Gaux Girl - Tze Chun

2019-08-30

The art world can be an intimidating one, both to those looking to make a purchase and relative newcomers considering it as a career path. Tze Chun decided it was high time the insular world was cracked open when creating Uprise Art, an online gallery dedicated to changing how we think about buying art. 

The company’s mission—to make new and emerging artists accessible to collectors of any experience level (and amount of disposable income: options exist to pay through installments)—was driven by the belief that everyone should feel empowered to identify, select, and purchase pieces they love. 

Tze's success disproves the misconception that the art world is only one you enter via carefully guarded secret password or an insider’s tap. Before she founded Uprise Art, Tze was the artistic director and choreographer of a modern dance company—a self-described "outsider" in the art world. Harnessing that fresh perspective as a powerful asset, not an Achilles’ heel, was paramount to building something unique and welcoming to all.

We asked Tze about the business of art, life as a female founder, and how she handles being a busy girl on the gaux.

What's your first memory of art?

One of my earliest memories is being a few years old and watching my father draw an apple on the dining table. I was in awe of the realism created from simple pencil and paper. He then transformed the apple by adding in features of a child’s face; I guess that was my introduction to how art could change the way you see the world around you.

As an “outsider” to the art world prior to founding Uprise Art, what was it like entering that new space? What skills do a fresh perspective bring?

When I started, I had an art history degree but had never worked at a gallery, so I’ve always approached our company from the perspective of “how should things be done?” rather than “how are things currently done?”. Being an outsider offers invaluable insights. I’m a true believer that people with ambition and skills can turn their lack of experience into an asset.

You’re part of a group of female founders. Can you speak about the rewards and community that come with that? 

I’m part of a number of official and unofficial female founder communities. One group is a secret society of women entrepreneurs that started six years ago and is still going strong. It’s been extremely rewarding to have a group of friends that can be honest and open with each other. We laugh at the crazy “founder problems” we are faced with and are comfortable showing our vulnerabilities and asking for advice.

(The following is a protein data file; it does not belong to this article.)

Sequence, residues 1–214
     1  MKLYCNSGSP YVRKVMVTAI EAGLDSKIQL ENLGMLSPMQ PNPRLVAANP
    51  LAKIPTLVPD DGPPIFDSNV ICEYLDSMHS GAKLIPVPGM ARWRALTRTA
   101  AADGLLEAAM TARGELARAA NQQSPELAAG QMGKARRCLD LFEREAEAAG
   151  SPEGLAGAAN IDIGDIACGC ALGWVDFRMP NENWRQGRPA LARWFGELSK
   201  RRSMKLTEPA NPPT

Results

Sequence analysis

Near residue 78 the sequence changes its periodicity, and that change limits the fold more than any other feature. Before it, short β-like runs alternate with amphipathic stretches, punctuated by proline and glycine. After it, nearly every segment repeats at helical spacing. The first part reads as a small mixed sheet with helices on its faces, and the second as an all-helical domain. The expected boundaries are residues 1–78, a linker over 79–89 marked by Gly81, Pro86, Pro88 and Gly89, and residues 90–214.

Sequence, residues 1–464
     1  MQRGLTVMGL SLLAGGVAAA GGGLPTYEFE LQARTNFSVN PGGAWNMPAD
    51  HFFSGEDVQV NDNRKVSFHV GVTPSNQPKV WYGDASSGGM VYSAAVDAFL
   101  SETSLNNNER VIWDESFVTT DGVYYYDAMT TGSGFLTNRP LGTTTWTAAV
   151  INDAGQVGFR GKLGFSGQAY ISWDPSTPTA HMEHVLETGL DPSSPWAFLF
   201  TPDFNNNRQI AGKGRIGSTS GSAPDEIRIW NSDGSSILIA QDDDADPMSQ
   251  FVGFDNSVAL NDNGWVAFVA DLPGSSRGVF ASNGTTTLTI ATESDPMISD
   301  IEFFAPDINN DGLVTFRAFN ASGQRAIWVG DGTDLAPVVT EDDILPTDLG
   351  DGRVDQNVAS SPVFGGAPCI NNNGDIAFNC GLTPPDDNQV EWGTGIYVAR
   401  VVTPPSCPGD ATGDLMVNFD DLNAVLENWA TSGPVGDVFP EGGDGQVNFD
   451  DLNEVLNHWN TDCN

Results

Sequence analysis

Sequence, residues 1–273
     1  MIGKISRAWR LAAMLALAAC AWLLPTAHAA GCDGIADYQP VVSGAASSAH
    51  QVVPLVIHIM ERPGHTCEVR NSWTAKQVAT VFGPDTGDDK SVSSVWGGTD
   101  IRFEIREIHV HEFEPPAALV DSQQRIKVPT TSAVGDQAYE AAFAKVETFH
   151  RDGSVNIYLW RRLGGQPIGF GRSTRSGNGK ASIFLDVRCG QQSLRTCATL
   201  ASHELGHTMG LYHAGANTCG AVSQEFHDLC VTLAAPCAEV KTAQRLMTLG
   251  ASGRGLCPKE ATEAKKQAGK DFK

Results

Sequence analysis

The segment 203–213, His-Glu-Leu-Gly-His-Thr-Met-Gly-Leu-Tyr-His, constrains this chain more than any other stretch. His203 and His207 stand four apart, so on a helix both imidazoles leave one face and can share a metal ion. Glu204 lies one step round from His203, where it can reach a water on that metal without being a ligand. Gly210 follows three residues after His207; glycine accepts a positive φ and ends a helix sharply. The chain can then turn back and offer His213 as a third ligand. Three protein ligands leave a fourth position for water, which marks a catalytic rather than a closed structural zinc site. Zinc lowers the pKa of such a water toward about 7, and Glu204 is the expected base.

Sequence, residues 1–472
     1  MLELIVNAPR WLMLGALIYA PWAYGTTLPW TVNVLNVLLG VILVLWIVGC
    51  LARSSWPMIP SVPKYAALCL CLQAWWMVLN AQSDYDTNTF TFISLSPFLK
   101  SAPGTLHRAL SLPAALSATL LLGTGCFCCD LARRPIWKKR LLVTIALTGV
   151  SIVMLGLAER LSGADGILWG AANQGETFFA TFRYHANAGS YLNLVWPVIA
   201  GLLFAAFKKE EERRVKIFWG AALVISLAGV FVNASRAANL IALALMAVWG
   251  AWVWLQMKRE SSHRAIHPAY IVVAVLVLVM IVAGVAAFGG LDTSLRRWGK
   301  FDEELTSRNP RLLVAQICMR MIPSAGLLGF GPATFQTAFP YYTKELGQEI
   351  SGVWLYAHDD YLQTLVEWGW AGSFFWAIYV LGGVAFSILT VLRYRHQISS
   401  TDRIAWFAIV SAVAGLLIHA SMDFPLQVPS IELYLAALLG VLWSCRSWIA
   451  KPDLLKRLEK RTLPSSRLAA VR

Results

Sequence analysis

It’s exciting that more women are leading companies, especially consumer-facing companies, since women influence more than 80 percent of consumer spending. It’s raising the bar. Brands are becoming more sincere, prioritizing customer service, and creating products with a higher level of attention to detail because of the things that women notice, value, and expect.

How does your team decide which artists to represent?

We look for artists who have a unique view of the world and a conceptually compelling artistic practice. There are a lot of artists who can make something beautiful; we’re focused on artists who go one step further and create memorable, meaningful work. 

We also seek to work with artists who are kind people. If you care about someone personally, you're even more motivated to help them succeed. 

Fashion and the art world are closely linked. What is your personal style? Have you seen it change since working with artists? 

At Uprise Art, our approach is that your artwork should reflect your personal interests, values, and aesthetic. At the same time, collecting art is a great way to shake things up a bit and look at the world, and perhaps yourself, differently. I try to take a similar approach to fashion, and I think it’s a great opportunity to try new things and not be boxed into one style or mindset.

What does being a girl #onthegaux mean to you?

Feeling confident and comfortable, no matter what your environment or where life takes you.

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Photos by Kirsten Francis for Margaux

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